Much of the plateau is devoid of soils. Organic soils (peats), including deep peats, are most extensively developed on the western side of Rodway Valley. Mineral soils are also found, particularly in the better drained sites.
Ben Lomond National Park protects a representative cross-section of Tasmania's north-east alpine plant communities. Although much of the plateau is stony with areas of low and often stunted forms of vegetation, the remainder of the mountain contains a wide variety of habitats ranging from alpine moorland to dense forest.
A total of 222 plant species have been recorded on the Ben Lomond plateau, represented by 152 dicotyledons, 62 monocotyledons, 1 gymnosperm and 7 fern and fern ally families. The five most common families (Asteraceae, Poaceae, Epacridaceae, Cyperaceae and Proteaceae) account for about half the total number of species recorded. Most families, however, are only represented by one or two species. Some introduced plants have naturalised on the plateau from introduced grasses, clovers and straw used to stabilise soil and revegetate areas affected by slope grooming, road works and other site disturbances.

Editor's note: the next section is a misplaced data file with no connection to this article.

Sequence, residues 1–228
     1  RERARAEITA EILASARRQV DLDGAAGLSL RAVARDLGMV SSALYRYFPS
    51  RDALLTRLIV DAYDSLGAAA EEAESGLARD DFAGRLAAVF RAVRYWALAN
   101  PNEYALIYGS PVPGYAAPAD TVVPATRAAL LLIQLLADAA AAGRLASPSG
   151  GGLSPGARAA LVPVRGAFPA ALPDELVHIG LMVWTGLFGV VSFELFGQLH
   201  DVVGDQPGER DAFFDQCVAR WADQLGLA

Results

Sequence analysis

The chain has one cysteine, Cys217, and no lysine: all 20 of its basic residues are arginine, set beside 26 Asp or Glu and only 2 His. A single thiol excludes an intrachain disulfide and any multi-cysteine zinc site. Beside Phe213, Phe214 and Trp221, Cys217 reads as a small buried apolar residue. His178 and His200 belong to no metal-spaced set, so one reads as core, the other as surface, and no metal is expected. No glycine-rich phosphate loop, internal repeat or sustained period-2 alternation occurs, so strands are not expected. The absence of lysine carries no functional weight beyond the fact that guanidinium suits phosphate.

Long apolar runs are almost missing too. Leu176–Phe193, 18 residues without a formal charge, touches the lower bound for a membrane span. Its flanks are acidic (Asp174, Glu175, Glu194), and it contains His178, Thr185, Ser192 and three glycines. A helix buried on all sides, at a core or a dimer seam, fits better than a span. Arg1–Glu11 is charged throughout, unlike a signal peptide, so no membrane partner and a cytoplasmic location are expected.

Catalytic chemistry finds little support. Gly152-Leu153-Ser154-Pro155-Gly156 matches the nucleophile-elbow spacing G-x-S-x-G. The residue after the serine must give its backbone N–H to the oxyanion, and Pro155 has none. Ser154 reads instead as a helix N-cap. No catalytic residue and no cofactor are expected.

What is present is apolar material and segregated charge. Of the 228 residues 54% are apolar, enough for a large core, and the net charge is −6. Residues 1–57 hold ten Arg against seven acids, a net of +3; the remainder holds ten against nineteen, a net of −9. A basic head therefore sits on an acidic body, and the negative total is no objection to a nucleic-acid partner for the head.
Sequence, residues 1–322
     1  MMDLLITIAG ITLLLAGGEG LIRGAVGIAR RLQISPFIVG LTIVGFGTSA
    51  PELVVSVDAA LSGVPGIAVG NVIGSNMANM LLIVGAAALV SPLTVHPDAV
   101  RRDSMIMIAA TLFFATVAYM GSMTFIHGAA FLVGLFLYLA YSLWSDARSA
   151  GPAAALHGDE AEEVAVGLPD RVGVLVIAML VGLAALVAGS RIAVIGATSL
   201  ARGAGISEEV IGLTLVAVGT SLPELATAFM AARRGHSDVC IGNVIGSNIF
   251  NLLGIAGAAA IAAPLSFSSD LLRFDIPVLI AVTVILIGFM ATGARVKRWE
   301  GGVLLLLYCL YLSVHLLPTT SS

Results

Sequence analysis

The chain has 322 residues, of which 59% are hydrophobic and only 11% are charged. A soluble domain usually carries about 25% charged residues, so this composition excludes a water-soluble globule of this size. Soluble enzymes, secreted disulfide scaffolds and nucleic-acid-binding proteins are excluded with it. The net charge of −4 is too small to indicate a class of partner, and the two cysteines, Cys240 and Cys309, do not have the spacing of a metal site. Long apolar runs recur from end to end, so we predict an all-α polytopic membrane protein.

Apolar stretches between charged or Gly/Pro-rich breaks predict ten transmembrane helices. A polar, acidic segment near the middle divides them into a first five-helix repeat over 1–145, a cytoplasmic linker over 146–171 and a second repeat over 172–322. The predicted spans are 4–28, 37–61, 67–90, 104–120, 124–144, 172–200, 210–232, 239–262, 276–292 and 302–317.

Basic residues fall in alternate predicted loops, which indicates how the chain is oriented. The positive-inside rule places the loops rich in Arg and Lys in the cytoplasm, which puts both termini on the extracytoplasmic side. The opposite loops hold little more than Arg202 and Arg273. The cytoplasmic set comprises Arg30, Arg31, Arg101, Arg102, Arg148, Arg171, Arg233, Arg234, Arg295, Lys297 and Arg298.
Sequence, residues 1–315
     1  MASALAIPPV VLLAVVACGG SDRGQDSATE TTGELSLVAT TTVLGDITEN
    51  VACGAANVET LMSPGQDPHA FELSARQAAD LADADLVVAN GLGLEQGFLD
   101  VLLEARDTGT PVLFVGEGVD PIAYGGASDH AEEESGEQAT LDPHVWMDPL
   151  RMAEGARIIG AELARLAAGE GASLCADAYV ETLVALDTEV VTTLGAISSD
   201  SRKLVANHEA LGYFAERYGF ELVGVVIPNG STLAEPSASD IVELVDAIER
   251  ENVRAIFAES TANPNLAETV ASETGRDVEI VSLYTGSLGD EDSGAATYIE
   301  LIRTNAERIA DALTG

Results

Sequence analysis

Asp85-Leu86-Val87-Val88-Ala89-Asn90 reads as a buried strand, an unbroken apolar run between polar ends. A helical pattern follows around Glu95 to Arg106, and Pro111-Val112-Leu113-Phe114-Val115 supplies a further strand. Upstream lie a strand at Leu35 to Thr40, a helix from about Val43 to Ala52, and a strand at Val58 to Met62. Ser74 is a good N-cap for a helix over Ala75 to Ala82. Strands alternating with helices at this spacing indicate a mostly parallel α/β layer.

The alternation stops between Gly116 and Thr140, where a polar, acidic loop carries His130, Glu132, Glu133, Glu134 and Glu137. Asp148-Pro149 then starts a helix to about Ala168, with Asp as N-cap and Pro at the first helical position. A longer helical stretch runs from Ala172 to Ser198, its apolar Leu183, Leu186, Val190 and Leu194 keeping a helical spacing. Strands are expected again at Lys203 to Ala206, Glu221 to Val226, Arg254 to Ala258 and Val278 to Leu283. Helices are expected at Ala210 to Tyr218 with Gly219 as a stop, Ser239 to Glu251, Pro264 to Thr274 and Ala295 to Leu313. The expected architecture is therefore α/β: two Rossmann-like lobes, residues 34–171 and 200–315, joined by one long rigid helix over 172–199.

The most common native species recorded on the plateau are the herbs Poa gunnii (tussock grass) and Gentianella diemensis, the shrubs, Richea scoparia, Orites acicularis and Pentachondra pumila, Baeckea gunniana and Epacris serpyllifolia.
Cushion plants are abundant throughout the plateau. One species, the rock cushion plant Chionohebe ciliolata, is known only from a small localised area within the Park.
Other rare and threatened species include the rare endemic Oreomyrrhis sessiliflora, and the endangered Colobanthus curtisiae.